Welcome to our B.O.C. blog. Learn about the world of handcrafted ceramic beads, buttons, pendants & components from our talented and knowledgeable Artisans.

Origins of Ceramics- Deutsches Museum

Lana and I toured the Deutsches Museum in Munich last year and their exhibits of ceramics was amazing. History buffs would love it and the actual historic and current uses of ceramic material was covered. We who make ceramic jewelry pieces are a part of that story.

"Storage and transport vessels from Antiquity and other ancient sources in the entrance area of the exhibition
Ceramics have existed for about 10,000 years, and are thus the oldest artificial materials invented by humans. The first ceramic vessels were used by people for storing and cooking food. The raw material for producing them was clay, which could be found practically everywhere. Consequently, ceramics were known very early in almost every part of the world.
The fact that it can be shaped easily made it an ideal material for producing vessels and dishes. It was later discovered that more durable and dense ceramic objects could be made by the process of firing. This opened up new applications." see: http://www.deutsches-museum.de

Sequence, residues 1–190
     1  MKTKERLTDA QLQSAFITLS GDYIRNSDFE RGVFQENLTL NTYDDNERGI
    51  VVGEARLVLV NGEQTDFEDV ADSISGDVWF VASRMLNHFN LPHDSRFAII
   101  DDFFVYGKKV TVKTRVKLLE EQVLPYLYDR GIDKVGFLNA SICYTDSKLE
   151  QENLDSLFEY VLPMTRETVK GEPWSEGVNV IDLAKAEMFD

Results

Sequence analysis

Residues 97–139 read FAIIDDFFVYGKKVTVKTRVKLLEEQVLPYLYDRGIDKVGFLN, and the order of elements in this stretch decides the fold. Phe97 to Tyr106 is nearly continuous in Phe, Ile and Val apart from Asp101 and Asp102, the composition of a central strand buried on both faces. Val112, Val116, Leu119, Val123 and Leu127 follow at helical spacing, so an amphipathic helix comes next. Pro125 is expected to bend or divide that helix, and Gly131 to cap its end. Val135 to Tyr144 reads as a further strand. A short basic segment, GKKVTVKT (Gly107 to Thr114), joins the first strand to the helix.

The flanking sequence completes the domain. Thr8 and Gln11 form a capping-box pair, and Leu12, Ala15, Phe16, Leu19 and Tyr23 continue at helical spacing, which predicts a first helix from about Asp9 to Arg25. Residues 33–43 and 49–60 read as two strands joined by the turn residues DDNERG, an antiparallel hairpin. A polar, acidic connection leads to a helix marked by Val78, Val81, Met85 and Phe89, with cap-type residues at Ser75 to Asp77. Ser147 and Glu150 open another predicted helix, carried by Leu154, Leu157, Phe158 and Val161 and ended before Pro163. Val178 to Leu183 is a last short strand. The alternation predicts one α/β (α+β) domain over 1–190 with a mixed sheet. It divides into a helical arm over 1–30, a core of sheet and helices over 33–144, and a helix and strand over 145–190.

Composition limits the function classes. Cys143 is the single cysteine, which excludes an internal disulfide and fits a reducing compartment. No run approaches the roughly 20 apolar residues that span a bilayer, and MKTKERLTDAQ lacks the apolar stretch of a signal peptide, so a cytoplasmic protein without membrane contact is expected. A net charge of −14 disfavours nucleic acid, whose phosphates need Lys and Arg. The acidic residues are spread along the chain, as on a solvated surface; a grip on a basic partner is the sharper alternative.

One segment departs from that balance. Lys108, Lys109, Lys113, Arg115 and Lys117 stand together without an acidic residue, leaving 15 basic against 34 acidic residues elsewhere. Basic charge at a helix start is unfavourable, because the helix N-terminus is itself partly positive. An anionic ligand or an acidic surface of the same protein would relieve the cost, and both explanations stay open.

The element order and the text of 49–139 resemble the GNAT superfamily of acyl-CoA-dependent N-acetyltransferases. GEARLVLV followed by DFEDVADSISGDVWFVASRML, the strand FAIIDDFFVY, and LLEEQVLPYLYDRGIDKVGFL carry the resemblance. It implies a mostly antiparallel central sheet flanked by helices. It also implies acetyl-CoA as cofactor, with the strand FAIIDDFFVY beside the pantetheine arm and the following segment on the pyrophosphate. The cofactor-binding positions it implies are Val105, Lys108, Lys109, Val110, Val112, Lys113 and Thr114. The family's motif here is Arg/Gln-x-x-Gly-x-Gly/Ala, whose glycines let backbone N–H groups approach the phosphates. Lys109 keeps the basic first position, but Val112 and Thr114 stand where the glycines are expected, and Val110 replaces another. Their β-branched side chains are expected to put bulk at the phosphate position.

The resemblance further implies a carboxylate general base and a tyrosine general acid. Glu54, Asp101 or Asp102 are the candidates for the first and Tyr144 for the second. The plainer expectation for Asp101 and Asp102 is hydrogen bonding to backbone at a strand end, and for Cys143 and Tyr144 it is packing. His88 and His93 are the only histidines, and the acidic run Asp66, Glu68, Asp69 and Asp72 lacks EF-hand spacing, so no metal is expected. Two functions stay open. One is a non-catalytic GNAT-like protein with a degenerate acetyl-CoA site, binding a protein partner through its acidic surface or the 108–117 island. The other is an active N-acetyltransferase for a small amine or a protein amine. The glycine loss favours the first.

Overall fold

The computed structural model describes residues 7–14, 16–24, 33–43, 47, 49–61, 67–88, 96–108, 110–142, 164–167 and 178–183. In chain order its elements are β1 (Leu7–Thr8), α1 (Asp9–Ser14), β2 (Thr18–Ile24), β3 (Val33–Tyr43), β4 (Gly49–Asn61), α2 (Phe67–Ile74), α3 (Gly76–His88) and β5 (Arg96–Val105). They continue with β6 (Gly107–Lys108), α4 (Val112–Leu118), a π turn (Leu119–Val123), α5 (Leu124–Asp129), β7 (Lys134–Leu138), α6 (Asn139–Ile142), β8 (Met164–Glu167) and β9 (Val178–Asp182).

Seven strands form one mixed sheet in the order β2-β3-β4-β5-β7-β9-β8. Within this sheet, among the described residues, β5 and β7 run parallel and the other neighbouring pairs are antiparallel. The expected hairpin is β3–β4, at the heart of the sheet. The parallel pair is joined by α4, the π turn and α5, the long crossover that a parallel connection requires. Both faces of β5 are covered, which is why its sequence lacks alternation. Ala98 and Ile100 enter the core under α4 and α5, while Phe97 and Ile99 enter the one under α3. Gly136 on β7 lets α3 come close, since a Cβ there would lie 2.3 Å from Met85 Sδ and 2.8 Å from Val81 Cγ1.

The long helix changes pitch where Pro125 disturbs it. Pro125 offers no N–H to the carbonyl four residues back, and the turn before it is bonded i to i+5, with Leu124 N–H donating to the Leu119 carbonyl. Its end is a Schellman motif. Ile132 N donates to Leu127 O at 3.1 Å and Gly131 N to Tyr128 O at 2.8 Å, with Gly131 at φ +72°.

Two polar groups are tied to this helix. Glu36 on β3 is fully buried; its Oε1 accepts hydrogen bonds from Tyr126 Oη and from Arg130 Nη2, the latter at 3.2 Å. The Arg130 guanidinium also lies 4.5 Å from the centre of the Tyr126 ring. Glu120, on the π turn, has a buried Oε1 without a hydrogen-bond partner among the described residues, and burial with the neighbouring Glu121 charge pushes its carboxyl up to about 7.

http://www.deutsches-museum.de/en/exhibitions/materials-production/ceramics/history/

The exhibition traces key milestones on the way to the ceramic manufacturing processes used today:  the invention of the potter's wheel (mid-4th millennium B.C.), stoneware (also in the mid-4th millennium B.C.) and porcelain (7th century A.D. in China). In addition to vessels, clay was used to produce bricks, pipes and tiles.

photo: Joan Tucker
photo: Joan Tucker
Photo: Joan Tucker
 
Photo: Joan Tucker
Photo: Joan Tucker
Photo: Joan Tucker

1 comment:

  1. I love to see these very old pieces of ceramic work. I think it is amazing to see how man working with earth and fire has produced such wonderful things functional and not. I think everything has a purpose when made by the hand of man. A little bit of the artist goes with each piece and stays there over the centuries. Magical...

    ReplyDelete

Note: Only a member of this blog may post a comment.